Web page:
Pregnancy Diet: What to Eat & What to Avoid
A healthy pregnancy diet is essential for both the mother and the baby because what a woman eats and drinks during pregnancy is the ultimate source of nutrition for her baby. Experts recommend that a pregnant woman’s diet should include a mixture of healthy foods and beverages to provide vital nutrients for the growth and development of the baby.
In this article, Dr Deepika Aggarwal, a leading gynaecologist at CK Birla Hospital, Gurgaon, will discuss a healthy pregnancy diet, including what a pregnant woman should eat and what to avoid, and why.
There is no fancy formula for a healthy diet during pregnancy. The basic principles of a healthy diet during pregnancy remain the same: eat plenty of fruits, vegetables, whole grains, lean proteins, and healthy fats. However, there are certain nutrients in the pregnancy diet that deserve special attention.
Food to Eat During Pregnancy
Pregnant women tend to get numerous tips about the dos and don’ts from various sources like family, friends and the internet. Some expectant mothers believe that they have to eat for two but that’s not true. Quality matters more than quantity. So, instead of eating too much unhealthy food, the key is to focus on healthy food to ensure that you and your baby get all the required nutrients.
Listed below are some essential nutrients required during pregnancy:
1. Starchy foods (carbohydrate)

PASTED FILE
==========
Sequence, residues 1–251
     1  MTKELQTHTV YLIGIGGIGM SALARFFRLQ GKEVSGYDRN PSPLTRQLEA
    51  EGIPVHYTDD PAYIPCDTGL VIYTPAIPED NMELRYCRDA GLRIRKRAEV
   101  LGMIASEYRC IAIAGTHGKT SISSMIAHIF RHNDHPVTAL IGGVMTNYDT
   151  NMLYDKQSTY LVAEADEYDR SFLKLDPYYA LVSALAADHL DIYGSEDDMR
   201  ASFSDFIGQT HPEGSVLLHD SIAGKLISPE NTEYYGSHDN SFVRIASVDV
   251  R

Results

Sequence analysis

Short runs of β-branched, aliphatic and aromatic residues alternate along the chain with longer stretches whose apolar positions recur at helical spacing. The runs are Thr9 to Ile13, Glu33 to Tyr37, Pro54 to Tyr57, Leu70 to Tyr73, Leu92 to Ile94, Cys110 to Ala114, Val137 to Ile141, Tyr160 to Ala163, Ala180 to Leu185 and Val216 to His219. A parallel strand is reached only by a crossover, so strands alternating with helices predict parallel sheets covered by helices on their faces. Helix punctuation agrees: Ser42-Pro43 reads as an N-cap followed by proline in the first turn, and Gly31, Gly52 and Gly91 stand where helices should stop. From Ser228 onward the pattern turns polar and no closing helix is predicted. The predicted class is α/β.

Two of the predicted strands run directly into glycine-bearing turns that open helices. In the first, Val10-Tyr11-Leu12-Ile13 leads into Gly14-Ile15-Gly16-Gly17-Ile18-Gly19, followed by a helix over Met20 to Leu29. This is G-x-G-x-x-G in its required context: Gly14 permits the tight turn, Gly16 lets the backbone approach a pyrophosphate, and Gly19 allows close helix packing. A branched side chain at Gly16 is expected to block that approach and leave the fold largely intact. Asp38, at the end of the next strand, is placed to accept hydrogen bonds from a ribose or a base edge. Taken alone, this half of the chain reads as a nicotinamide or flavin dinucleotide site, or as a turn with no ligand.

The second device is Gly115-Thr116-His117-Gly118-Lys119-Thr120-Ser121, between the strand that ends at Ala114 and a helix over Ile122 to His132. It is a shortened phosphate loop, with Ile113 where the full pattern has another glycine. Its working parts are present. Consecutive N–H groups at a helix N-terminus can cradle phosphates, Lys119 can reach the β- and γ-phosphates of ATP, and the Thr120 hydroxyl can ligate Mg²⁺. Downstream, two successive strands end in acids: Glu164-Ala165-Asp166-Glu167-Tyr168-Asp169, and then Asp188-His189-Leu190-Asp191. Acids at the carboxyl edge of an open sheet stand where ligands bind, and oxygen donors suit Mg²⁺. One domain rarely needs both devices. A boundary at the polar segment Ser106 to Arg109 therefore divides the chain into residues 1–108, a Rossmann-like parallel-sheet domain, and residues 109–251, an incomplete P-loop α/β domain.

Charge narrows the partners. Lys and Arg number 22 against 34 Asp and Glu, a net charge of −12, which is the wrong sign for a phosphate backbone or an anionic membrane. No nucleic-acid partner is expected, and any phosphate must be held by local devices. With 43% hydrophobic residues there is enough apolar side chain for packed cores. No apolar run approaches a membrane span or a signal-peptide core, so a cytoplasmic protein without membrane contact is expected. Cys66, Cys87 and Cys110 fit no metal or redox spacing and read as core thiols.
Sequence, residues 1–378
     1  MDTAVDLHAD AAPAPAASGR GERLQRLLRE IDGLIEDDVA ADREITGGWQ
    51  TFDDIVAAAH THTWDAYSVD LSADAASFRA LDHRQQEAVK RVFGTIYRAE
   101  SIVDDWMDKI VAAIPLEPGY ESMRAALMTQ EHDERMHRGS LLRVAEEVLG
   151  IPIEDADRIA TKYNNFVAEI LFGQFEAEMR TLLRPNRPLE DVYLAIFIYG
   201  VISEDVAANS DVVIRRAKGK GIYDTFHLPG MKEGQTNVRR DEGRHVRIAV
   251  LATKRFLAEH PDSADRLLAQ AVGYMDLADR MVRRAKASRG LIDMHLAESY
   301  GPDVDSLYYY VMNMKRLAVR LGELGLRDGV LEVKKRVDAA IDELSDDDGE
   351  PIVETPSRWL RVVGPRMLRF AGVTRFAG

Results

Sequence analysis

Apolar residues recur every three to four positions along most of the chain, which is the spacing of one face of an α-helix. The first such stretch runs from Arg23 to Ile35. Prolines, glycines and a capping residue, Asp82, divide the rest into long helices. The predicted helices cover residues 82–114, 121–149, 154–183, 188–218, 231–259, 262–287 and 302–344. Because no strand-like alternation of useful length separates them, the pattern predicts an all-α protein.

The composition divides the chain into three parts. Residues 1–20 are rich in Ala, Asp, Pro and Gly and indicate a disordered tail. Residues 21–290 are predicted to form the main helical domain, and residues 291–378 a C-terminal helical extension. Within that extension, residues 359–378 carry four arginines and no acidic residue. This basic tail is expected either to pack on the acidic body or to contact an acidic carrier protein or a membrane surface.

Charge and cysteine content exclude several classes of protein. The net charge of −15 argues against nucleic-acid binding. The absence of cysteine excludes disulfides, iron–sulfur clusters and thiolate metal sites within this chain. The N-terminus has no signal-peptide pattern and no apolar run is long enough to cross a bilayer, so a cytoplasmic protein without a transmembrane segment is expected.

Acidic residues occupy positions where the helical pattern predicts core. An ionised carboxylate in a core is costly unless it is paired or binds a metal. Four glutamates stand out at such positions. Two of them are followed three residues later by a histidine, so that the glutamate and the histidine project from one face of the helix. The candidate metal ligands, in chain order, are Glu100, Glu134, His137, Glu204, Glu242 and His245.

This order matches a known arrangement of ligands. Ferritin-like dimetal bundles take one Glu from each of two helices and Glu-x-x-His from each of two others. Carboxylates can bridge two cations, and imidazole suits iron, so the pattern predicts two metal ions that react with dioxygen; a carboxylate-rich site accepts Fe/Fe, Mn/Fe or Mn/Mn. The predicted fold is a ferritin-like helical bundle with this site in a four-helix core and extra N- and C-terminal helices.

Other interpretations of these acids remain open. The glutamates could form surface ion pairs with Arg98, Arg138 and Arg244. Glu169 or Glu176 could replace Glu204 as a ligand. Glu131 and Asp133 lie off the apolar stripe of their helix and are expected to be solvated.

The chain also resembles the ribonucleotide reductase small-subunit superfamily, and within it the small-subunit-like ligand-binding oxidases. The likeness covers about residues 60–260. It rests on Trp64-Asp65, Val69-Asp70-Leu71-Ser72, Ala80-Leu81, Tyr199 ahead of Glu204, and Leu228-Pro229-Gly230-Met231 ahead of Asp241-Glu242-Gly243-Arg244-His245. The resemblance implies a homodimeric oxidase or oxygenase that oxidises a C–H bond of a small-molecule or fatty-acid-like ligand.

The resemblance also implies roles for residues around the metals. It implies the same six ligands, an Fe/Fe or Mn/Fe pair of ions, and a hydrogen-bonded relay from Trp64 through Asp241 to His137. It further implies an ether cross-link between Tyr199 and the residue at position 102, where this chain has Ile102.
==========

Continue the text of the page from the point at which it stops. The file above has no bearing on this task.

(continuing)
Starches are a good source of vitamins and fibre. They will help you to satiate without having too many calories. Carbohydrates are a macronutrient that your body uses as an energy source for muscles and organs such as the heart, lungs, and brain.
Abundant sources are vegetables (sweet potatoes, corn, and potatoes), bread, pasta, rice, and fruits. Foods that contain carbohydrates in smaller amounts include milk, yoghurt, and legumes such as beans.
Protein is vital for a baby’s growth during pregnancy. Have at least three to four daily servings in a day. Healthy animal protein sources include- fish, lean meat, chicken, and eggs. All pregnant women, and vegans, in particular, should consider the following foods to be good sources of protein:
- Quinoa: is also known as ‘complete protein,’ and it contains all of the essential amino acids.
- Soy and tofu products.
- Beans, lentils, nuts, seeds, legumes, fish, and nut butter are good sources of protein and iron.
You need to have a healthy daily intake of calcium. Pregnant females require approximately 1 gram of calcium per day. The deficiency of calcium during pregnancy may affect bone metabolism or may affect fetal growth.
Dairy products like milk, cheese, and yoghurt are high in calcium. Some foods rich in calcium include soymilk, soybeans, Chinese cabbage, bok choy, broccoli, okra, beans, mustard greens, kale, and soy nuts.
Whole grain products like whole-grain bread, rice, whole-wheat pasta, fruits, vegetables, legumes like beans and lentils are high in fibre. Women usually develop constipation during pregnancy; so consuming lots of fibre is effective in minimizing this risk. Eating an adequate amount of fibre during pregnancy reduces the risk or severity of haemorrhoids.
During pregnancy, healthy fats are essential for a baby’s brain and eye development. A good source of healthy fats are nuts, avocados, and plant-based oils (including sunflower, corn, soybean, and olive oils).
Some types of fish such as salmon, tuna, herring, and trout are rich sources of good fat. Fat is very high in calories, so eating much or eating too often can lead to obesity.
During pregnancy, 40-90 grams of fat each day is sufficient for a healthy diet routine. Eating too much-saturated fat can also increase the level of cholesterol in your blood.
Zinc is an essential trace element. It is helpful in growth and development, cell integrity, and various biological functions such as protein synthesis and nucleic acid metabolism.